Can the Binghamton downtown farmers market survive?
Yesterday was the first downtown Binghamton, New York farmers market of the year. Binghamton is a small city of about 47,000, which has seen better times, but is in the midst of a comeback. Students are moving in, but there is also a population of poor people who deserve not to live in a food desert, and also a lot of senior citizens.
The downtown market struggles, year after year, to survive.
It isn't mismanaged, as far as I know. And, you would think it is not in competition with a larger Saturday market a few miles away.
But I don't know what the issue is. I wasn't even sure it was going to open this year until I left my office for lunch and saw the handful of tents with almost no customers. It allowed me to chat a bit with two of the vendors, but chat isn't what keeps their finances solvent. Lots of customers are.
So, let me show you what a June market is like, here in upstate New York.
We are just starting our strawberry season (more on that in a minute) but right now, plants, greens and rhubarb rule the market along with honey, jams, meats, and eggs.
Last week, at a another local farmer's market, there was a wealth of lettuce. If you think lettuce means bland iceberg lettuce, it is time for you to step out of your lettuce comfort zone.
And now, you are going to expect a lettuce recipe from me. Well, our state senator, Tom Libous, has a website with some interesting recipes. Some are local specialties; many are not. Alas, no lettuce recipes. But sometimes my spouse, the family cook, will wilt lettuce quickly in a wok with a small amount of oil and some garlic, cook it just a few seconds, and serve.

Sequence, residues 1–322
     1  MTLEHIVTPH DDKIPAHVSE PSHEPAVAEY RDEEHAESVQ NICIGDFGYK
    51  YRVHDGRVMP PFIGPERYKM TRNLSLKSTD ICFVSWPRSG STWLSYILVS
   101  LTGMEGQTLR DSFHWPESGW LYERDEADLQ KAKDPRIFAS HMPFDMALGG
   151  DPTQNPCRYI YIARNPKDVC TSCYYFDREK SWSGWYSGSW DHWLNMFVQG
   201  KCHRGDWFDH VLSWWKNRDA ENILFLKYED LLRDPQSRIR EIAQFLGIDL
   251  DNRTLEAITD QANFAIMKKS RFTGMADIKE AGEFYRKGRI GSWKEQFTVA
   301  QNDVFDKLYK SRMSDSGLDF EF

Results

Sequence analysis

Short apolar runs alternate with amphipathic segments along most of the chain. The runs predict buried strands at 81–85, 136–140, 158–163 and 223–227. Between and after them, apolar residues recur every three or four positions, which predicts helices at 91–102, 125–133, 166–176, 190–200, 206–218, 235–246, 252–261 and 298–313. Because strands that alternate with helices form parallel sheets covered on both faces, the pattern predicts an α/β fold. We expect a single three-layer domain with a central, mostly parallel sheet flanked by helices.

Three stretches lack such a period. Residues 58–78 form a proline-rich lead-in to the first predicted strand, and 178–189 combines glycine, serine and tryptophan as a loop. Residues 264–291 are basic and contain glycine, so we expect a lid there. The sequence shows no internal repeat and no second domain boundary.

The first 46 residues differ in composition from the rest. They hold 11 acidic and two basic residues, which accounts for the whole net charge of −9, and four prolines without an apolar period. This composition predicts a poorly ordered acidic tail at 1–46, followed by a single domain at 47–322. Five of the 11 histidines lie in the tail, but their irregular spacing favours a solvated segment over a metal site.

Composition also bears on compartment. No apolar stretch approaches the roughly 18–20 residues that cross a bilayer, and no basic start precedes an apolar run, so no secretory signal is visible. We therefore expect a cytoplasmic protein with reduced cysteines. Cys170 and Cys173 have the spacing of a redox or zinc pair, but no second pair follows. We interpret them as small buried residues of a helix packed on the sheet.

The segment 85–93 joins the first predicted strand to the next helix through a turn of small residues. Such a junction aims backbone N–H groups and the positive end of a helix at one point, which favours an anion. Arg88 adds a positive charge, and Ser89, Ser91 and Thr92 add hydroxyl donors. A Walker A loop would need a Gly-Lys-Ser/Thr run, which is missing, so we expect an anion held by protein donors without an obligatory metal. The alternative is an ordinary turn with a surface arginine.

here's a recipe for strawberry-rhubarb pie you may enjoy.
And speaking of the first of our local strawberries:
How about some Hungarian Strawberry Soup?
Whole Wheat Sugared Tortilla Chips with Strawberry/Blueberry Salsa
For the whole wheat tortilla chips, take a whole wheat tortilla, cut it into triangles, and sprinkle with olive oil and cinnamon sugar. Bake in the oven until crisp.
For the salsa, take strawberries, chopped. Add blueberries (not quite in season for us, but North Carolina berries are nice, too.) Mix with a small amount of strawberry or apricot preserves. Serve salsa with the chips. This would make a simple (and healthy) beginning to a simple summer meal.
Thank you, Cornell Cooperative Extension. I hope I didn't mangle your recipe too much.
I've gotten suggestions from my readers, over the years, of what the Binghamton market can do to thrive. I just wish this market would find its way. There are other, thriving, downtown markets in the United States, even in cities that have seen better days.
Does your area have a thriving downtown farmer's market?